One alternative considered for the Atlantic mackerel fishery was to set the 2003 specifications at the same level as 2002. The Council rejected this option because of concerns associated with the potential for rapid expansion of the shore-side processing sector of this industry in 2003. If rapid expansion of the processing sector did occur early in 2003, and landings exceeded 85,000 mt, an inseason adjustment to IOY would be necessary. However, the majority of mackerel landings occur from January through March, and it is unlikely that an inseason adjustment could be made in time for quota to be available to industry for that period. The result would be the unnecessary closure of the fishery that could result in negative economic and/or social impacts to the U.S. mackerel industry. Some or all of the vessel owners, crews, dealers, processors or fishing communities associated with the Atlantic mackerel fishery could be adversely affected by maintaining the 2002 annual specifications for Atlantic mackerel in 2003. A second alternative considered for Atlantic mackerel was to Start Printed Page 65938set ABC at the long-term potential catch (LTPC), or 134,000 mt. This alternative was found inconsistent with the status of the stock. The current adult stock was recently estimated to exceed 2.1 million mt. The specification of ABC at LTPC would effectively result in an exploitation rate of only about 6 percent, well below the optimal level of exploitation. The Council considered the level of foregone yield under this alternative unacceptable.

For Loligo squid, one alternative that was considered was to set the ABC, DAH, DAP, and IOY at 13,000 mt, or a 23.3-percent reduction from the 2001 level. This was the same level as the initial quota allocated for the 2000 fishing year (an inseason adjustment increased the ABC, DAH, DAP, and IOY to 15,000 mt; 65 FR 60118, October 10, 2000). If the 13,000-mt alternative was adopted for the 2002 fishing year, 15 of the 447 impacted vessels would experience a total gross revenue reduction (all species combined) of greater than 5 percent. The remaining 365 vessels would experience a less than 5-percent reduction in revenue or an increase in revenue. A second alternative would have set ABC, DAH, DAP, and IOY at 18,300 mt. Under this alternative, the quota would be specified at a level that is 1,300 mt higher than is specified by the overfishing definition control rule in the FMP. Since the stock is technically not protected from overfishing, some negative economic and social impacts could be expected from this alternative in the long term if the stock did become overfished. The vessel owners, crews, dealers, processors and fishing communities associated with these ports would be expected to be affected the most by this alternative when compared to the proposed 2003 annual specifications for Loligo.

For Illex squid, one alternative considered would have set Max OY, ABC, IOY, DAH, and DAP at 30,000 mt and a second alternative would have set Max OY at 24,000 mt and ABC, IOY, DAH, and DAP at 19,000 mt. These specifications would be far in excess of recent landings in this fishery. Therefore, there would be no constraints and, thus, no revenue reductions, associated with these specifications. However, the Council considered the first alternative unacceptable because an ABC specification of 30,000 mt may not prevent overfishing in years of moderate to low abundance of Illex squid. Conversely, under the second alternative an ABC of 19,000 mt would not allow the fishery to perform at its optimal exploitation level during a year of relatively high abundance, and was therefore rejected.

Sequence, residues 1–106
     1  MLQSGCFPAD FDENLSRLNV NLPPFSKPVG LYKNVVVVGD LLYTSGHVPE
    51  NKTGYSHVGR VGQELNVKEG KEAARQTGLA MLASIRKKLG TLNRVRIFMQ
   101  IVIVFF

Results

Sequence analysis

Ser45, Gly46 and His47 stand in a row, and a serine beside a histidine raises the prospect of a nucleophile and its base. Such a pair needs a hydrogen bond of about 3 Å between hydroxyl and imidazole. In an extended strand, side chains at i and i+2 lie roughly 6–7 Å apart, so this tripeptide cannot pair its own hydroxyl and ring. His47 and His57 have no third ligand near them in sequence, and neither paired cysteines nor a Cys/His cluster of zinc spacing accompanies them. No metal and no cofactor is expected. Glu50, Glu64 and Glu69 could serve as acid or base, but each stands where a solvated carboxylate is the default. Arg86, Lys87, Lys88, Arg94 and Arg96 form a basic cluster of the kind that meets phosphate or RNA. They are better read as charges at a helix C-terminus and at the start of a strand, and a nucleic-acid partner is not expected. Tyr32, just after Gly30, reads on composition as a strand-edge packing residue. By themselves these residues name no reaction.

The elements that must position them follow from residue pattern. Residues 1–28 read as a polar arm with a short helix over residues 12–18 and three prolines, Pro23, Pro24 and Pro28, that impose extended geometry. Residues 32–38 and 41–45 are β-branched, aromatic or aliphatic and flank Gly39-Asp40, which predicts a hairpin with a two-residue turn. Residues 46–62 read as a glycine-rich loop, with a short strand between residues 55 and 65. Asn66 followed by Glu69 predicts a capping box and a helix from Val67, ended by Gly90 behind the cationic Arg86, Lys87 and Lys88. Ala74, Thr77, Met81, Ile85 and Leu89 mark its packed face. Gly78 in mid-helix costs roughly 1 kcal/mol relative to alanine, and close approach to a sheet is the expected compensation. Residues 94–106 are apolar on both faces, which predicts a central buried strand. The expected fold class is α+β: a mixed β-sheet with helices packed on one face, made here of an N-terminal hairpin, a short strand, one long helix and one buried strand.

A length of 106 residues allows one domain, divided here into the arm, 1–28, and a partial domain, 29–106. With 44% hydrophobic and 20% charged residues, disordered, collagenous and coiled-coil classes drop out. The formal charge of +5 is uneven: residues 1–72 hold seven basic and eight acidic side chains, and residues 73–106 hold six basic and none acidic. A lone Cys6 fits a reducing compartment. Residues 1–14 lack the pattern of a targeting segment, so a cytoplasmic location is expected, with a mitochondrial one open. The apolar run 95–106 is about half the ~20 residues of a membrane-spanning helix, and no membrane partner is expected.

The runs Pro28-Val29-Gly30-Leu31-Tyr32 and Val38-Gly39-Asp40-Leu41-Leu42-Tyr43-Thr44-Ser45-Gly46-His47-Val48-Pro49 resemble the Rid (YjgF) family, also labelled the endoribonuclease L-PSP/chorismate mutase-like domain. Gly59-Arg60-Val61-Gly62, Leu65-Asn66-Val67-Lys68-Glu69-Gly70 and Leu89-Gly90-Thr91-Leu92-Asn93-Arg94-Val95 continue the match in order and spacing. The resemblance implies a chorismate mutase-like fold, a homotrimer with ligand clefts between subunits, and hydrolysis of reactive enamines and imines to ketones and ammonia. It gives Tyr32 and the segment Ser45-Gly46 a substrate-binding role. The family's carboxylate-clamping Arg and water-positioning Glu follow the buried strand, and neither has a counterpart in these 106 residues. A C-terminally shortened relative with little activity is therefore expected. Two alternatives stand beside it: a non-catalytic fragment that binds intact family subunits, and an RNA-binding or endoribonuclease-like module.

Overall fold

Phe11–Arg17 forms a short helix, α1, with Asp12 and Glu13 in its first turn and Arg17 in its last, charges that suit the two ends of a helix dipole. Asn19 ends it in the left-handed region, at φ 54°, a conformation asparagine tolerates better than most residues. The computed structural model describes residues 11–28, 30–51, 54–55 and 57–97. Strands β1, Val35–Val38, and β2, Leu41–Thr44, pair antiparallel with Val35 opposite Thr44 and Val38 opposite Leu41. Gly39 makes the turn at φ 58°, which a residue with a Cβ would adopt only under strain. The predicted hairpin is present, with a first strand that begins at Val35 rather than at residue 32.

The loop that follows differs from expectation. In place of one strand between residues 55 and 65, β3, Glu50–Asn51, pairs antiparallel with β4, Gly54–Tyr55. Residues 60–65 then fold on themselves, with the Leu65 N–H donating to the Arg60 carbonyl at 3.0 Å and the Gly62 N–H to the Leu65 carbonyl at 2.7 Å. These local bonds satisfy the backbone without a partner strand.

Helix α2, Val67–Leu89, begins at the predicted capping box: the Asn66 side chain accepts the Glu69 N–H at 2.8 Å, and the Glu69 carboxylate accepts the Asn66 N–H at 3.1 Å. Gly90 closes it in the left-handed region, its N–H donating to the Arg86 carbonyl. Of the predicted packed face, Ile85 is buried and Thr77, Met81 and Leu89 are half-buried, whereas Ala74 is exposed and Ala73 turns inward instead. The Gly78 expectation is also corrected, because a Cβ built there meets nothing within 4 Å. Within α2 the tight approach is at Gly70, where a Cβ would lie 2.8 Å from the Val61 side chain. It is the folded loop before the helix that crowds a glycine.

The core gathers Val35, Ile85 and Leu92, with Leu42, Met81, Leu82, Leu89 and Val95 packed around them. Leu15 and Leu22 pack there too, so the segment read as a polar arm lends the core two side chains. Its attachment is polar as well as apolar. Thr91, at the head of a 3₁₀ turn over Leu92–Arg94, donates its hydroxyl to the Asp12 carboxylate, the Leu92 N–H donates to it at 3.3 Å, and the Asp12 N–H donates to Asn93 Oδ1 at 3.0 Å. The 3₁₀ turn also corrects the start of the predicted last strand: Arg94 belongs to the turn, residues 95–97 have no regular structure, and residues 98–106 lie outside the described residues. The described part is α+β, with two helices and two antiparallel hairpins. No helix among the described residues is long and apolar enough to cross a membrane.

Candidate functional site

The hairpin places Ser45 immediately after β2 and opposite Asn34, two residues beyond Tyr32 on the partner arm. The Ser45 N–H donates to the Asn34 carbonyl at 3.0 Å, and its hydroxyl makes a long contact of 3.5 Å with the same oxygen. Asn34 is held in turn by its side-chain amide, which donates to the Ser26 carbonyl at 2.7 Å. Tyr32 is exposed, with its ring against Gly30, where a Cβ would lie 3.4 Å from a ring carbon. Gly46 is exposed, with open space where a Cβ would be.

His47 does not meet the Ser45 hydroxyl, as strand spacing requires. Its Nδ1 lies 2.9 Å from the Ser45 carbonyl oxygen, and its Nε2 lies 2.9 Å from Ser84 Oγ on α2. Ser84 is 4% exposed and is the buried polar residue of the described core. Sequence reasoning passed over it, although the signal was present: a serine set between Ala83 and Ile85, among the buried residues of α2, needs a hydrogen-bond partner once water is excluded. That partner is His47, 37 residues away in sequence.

For butterfish, the Council considered two alternatives; the first set a Max OY of 16,000 mt and an ABC, IOY, DAH, and DAP of 7,200 mt, and the second set a Max OY of 16,000 mt and a ABC, IOY, DAH, and DAP at 10,000 mt. These specifications far exceed recent harvests in the butterfish fishery and would not constrain or impact the industry; however, they could lead to overfishing of the stock and, thus, were rejected by the Council.

Start List of Subjects

List of Subjects in 50 CFR Part 648

End List of Subjects Start Signature

Dated: October 24, 2002.

Rebecca Lent,

Deputy Assistant Administrator for Regulatory Programs, National Marine Fisheries Service.

End Signature

For the reasons set out in the preamble, 50 CFR part 648 is proposed to be amended as follows:

Start Part

PART 648—FISHERIES OF THE NORTHEASTERN UNITED STATES

1. The authority citation for part 648 continues to read as follows:

Start Authority

Authority: 16 U.S.C. 1801 et seq.

End Authority

2. In § 648.21, paragraph (f)(3) is revised to read as follows:

Procedures for determining initial annual amounts.
* * * * *

(f) * * *

(3) Beginning January 1, 2003, if commercial landings in Quarter I are determined to be less than 80 percent of the Quarter I quota allocation, any remaining Quarter I quota that is less than 80 percent will be reallocated to Quarter III (e.g., if the Quarter I quota was 100,000 lb (220,462 kg) and 50,000 lb (110,231 kg) was landed, then the remaining Quarter I quota, up to 80 percent, or 30,000 lb (66,139 kg), would be reallocated to Quarter III. A balance of 20 percent, or 20,000 lb (44,092 kg), would remain in Quarter I).

* * * * *
End Part End Supplemental Information

[FR Doc. 02-27506 Filed 10-28-02; 8:45 am]